I am short, and no, that’s not a disability! It can be an advantage, like if you are on a budget airplane for example – leg room? No problem!  However, there are some situations and environments built for so called “average height” people that don’t work for me. For example, we have a four wheel drive electric vehicle which doesn’t have adjustable seats. So I’ve duck taped a block of wood on the accelerator petal so I can reach it with out sitting on the edge of the bench seat. Grateful for duck tape, yes!  I also have a reacher I use to get things down off tall shelves and to reach for things like socks that fall behind the dryer.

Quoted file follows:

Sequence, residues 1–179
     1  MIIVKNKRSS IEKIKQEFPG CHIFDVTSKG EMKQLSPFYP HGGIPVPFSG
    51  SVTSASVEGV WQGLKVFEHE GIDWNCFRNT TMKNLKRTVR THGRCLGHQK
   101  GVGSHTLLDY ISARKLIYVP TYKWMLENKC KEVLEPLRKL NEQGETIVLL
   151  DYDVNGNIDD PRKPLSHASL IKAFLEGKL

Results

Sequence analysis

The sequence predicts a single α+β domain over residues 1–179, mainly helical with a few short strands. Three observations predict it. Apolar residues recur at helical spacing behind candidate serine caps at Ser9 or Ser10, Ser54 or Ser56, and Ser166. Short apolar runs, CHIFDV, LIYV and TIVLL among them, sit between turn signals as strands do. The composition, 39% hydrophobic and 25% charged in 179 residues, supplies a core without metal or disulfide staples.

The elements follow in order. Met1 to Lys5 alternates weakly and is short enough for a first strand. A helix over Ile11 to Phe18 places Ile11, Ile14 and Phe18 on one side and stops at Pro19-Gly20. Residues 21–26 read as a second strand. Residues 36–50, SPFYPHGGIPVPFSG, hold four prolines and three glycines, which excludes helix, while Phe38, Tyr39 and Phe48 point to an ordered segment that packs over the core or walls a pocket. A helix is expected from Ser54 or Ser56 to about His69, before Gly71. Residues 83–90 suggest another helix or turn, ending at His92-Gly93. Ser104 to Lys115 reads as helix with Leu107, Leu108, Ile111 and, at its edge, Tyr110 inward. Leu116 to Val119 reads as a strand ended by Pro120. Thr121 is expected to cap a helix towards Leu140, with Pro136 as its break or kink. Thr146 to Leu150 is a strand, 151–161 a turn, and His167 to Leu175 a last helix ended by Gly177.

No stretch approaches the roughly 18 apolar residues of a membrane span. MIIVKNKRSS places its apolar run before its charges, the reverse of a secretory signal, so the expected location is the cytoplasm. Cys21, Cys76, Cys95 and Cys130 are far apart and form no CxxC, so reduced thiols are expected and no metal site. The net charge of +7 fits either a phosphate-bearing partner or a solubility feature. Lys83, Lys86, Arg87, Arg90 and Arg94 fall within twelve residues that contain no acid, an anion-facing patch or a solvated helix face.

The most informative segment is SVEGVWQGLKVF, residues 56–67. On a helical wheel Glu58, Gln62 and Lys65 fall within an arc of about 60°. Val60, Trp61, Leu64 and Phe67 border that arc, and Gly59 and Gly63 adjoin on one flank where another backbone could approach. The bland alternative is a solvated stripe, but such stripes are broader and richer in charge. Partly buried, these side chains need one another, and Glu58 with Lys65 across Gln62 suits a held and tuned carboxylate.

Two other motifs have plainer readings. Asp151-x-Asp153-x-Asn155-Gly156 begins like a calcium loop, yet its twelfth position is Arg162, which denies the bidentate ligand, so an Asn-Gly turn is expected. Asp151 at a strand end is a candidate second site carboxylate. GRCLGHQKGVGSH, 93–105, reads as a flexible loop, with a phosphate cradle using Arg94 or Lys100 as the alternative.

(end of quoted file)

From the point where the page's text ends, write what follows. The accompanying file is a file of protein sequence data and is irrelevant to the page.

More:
With chronic neck and shoulder pain, I sometimes have trouble reaching by back to wash or apply lotion, so I am grateful for longer handle brushes and lotion applicators.

I know there are more devices I am thankful for, but need to get going! A busy week for everyone I am sure. What AT are you most thankful for? Have a wonderful holiday!


Dressing For The Dream (Part 2)


By MATP Staff Member Laura Hall

In “Dressing for the Dream Part 1”, I shared my experience as I searched for that perfect wedding dress, and the assistive technology that helped me achieve the look.  I simply don’t believe that weddings are all about the bride.  Our partners are an equally important on the wedding day and they may feel equally as passionate about what they wear.  To help you to look your best, feel comfortable, an take the stress out of dressing for your big day, here are some tips and assistive technology to help.